Brazilian Natural Medicine

Aortic dissection: what it is, symptoms and treatment

Aortic dissection, also known as aortic dissection, is a relatively rare medical emergency where the innermost layer of the aorta artery, called the intima, suffers a small tear, through which blood can seep, reaching the innermost layers. vessels and causing symptoms such as intense and sudden pain in the chest, feeling short of breath and even fainting.

Although rare, this condition is more common in men over the age of 60, especially when there is a medical history of unregulated high blood pressure, atherosclerosis, drug use, or some other heart condition.

When there is a suspicion of a dissection of the orta, it is very important to go to the hospital quickly, since, when it is identified in the first 24 hours, there is a higher success rate of the treatment, which is usually done with drugs directly into the vein to control blood pressure. and surgery.

main symptoms

Symptoms of aortic dissection can vary greatly from one person to another, however, they can include:

  • Sudden, severe pain in the chest, back, or abdomen;
  • Feeling short of breath;
  • Weakness in the legs or arms;
  • fainting
  • Difficulty speaking, seeing or walking;
  • Weak pulse, which may only happen on one side of the body.

Since these symptoms are similar to many other heart problems, diagnosis may take longer in people who already have a previous heart condition, requiring several tests. Check out 12 symptoms of heart problems.

Whenever symptoms of heart problems arise, it is very important to go to the hospital quickly, to identify the cause and start treatment as soon as possible.

How to confirm the diagnosis

The diagnosis of an aortic dissection is usually made by a cardiologist after evaluating the symptoms, the person’s medical history, and doing tests such as a chest X-ray, electrocardiogram, echocardiogram, CT scan, and MRI.

What causes aortic dissection

Aortic dissection usually happens in an aorta that is weakened and is therefore more common in people who have a history of high blood pressure or atherosclerosis. However, it can also happen due to other conditions that affect the wall of the aorta, such as Marfan syndrome or changes in the bicuspid valve of the heart.

More rarely, dissection can also happen due to trauma, that is, due to accidents or strong blows to the abdomen.

How is the treatment done?

Treatment for aortic dissection should be done soon after the diagnosis is confirmed, starting with the use of drugs to lower blood pressure, such as beta-blockers. In addition, as pain can lead to increased pressure and worsening of the condition, strong painkillers such as morphine can also be used.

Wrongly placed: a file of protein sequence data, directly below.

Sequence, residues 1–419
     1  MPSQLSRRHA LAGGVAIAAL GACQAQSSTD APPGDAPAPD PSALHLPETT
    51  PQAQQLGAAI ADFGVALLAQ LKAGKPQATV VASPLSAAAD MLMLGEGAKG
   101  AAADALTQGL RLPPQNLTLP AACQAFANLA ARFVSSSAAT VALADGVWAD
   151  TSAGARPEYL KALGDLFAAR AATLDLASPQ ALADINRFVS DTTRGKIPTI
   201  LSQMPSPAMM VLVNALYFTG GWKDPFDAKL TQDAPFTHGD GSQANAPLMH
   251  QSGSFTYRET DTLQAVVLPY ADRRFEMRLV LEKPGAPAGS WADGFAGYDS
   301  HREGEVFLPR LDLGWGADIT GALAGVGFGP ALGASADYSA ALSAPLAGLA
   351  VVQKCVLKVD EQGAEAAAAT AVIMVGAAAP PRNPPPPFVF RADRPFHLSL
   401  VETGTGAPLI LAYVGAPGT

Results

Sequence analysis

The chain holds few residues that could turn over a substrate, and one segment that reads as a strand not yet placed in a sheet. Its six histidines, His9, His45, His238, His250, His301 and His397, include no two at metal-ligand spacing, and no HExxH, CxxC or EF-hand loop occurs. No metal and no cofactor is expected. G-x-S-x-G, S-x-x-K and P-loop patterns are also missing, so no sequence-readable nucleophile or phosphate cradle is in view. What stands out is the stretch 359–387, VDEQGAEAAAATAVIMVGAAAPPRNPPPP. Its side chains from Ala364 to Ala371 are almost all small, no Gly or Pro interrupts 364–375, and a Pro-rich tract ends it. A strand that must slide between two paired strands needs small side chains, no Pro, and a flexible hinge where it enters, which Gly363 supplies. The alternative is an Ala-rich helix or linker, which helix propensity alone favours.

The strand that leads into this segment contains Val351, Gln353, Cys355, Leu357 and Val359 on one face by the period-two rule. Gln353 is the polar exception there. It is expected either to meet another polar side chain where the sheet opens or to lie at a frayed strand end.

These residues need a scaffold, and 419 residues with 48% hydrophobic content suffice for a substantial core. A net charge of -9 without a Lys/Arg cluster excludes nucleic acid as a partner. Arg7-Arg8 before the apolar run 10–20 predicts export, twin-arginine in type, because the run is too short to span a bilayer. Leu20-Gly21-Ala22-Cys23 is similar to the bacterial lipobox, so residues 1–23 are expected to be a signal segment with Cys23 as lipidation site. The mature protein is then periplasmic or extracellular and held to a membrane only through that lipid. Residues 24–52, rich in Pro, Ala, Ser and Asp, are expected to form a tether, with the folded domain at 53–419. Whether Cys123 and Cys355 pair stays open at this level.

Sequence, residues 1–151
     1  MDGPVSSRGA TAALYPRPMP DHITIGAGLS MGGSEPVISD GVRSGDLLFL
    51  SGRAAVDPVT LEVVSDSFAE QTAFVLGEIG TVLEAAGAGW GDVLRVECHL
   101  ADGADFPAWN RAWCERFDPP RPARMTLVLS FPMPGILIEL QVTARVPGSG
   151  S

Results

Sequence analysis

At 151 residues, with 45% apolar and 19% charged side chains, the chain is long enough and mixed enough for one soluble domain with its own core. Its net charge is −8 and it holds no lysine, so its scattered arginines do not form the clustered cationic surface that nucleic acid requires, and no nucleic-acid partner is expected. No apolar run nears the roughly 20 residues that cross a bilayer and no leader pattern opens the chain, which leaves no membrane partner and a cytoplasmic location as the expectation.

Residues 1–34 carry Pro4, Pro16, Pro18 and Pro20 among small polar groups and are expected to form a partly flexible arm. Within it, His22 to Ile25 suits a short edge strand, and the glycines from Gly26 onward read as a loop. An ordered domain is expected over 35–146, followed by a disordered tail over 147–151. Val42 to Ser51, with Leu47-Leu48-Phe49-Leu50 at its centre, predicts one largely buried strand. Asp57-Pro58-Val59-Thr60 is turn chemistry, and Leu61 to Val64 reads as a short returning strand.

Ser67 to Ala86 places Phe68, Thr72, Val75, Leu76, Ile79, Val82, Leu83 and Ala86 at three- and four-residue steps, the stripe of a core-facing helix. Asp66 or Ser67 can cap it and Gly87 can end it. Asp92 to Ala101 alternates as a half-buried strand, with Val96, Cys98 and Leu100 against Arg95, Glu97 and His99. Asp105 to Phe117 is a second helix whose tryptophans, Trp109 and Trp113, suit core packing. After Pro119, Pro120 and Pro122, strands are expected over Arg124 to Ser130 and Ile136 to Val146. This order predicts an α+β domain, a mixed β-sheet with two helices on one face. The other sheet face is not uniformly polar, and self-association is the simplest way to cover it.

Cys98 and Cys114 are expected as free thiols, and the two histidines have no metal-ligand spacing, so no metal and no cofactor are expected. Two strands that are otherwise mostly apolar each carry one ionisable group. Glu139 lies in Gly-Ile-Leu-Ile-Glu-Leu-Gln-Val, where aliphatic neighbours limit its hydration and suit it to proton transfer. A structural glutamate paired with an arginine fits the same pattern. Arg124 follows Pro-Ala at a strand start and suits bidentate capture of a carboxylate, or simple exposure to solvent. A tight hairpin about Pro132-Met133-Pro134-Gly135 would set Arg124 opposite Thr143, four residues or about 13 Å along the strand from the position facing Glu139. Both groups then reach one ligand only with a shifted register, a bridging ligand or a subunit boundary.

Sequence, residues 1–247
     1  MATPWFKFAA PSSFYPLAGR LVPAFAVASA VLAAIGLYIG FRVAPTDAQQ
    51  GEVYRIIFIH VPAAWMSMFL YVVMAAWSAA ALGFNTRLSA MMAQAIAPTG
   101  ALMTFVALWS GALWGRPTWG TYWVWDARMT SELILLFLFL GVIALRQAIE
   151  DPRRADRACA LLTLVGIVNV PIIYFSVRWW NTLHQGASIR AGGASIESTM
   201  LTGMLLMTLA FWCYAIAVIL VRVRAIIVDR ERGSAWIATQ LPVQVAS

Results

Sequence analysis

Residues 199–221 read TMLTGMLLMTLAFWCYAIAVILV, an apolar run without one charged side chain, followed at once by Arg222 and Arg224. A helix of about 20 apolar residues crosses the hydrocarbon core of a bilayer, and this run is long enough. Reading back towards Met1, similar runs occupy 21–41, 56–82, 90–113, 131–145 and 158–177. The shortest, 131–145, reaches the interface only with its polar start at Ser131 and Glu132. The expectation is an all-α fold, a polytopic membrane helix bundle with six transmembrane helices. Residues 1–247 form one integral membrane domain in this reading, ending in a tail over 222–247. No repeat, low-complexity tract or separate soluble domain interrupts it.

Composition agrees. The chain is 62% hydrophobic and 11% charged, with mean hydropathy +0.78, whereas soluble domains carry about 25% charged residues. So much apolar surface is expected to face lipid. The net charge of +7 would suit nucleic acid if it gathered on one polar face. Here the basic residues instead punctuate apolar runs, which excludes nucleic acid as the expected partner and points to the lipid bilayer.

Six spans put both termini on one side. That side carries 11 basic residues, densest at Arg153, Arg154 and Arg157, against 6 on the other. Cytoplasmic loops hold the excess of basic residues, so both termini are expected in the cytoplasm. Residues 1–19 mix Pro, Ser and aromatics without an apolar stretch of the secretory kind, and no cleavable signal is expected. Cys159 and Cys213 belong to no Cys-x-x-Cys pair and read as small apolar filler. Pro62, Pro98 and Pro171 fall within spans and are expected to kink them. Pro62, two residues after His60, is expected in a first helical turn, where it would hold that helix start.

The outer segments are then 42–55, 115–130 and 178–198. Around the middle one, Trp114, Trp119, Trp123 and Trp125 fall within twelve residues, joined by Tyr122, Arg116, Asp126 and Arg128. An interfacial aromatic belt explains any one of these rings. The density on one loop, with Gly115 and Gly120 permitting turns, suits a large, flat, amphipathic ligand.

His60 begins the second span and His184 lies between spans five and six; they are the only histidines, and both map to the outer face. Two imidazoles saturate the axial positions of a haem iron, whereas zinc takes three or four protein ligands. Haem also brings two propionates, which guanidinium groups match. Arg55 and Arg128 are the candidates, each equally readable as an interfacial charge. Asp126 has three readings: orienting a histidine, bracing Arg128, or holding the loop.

In some cases, surgery may still be necessary to repair the wall of the aorta. The need for surgery is assessed by a cardiothoracic surgeon, but it usually depends on where the dissection took place. Thus, if the dissection is affecting the ascending portion of the aorta, immediate surgery is usually indicated, while if the dissection appears in the descending portion, the surgeon can first assess the progression of the condition and symptoms, and surgery may not even be necessary.

When it is necessary, it is usually a very complicated and time-consuming surgery, as the surgeon has to replace the affected area of ​​the aorta with a synthetic material.

Possible complications

There are several complications associated with aortic dissection, the two main ones including the rupture of arteries, as well as the development of dissection to other important arteries, such as those that carry blood to the heart. Thus, in addition to treating an aortic dissection, physicians usually assess the emergence of complications that need to be treated in order to reduce the risk of death.

Even after treatment, there is a high risk of complications arising during the first 2 years and, therefore, the person should have regular consultations with the cardiologist, as well as tests, such as computed tomography and magnetic resonance, to identify possible complications early.

To avoid complications, people who have had an aortic dissection should follow the doctor’s instructions, as well as avoid habits that can greatly increase blood pressure. Thus, it is recommended that you avoid doing very intense physical activity and have a balanced diet that is low in salt.

Always consult a doctor.

Verified by RJ985 – Brazilian natural medicine CMIO.org

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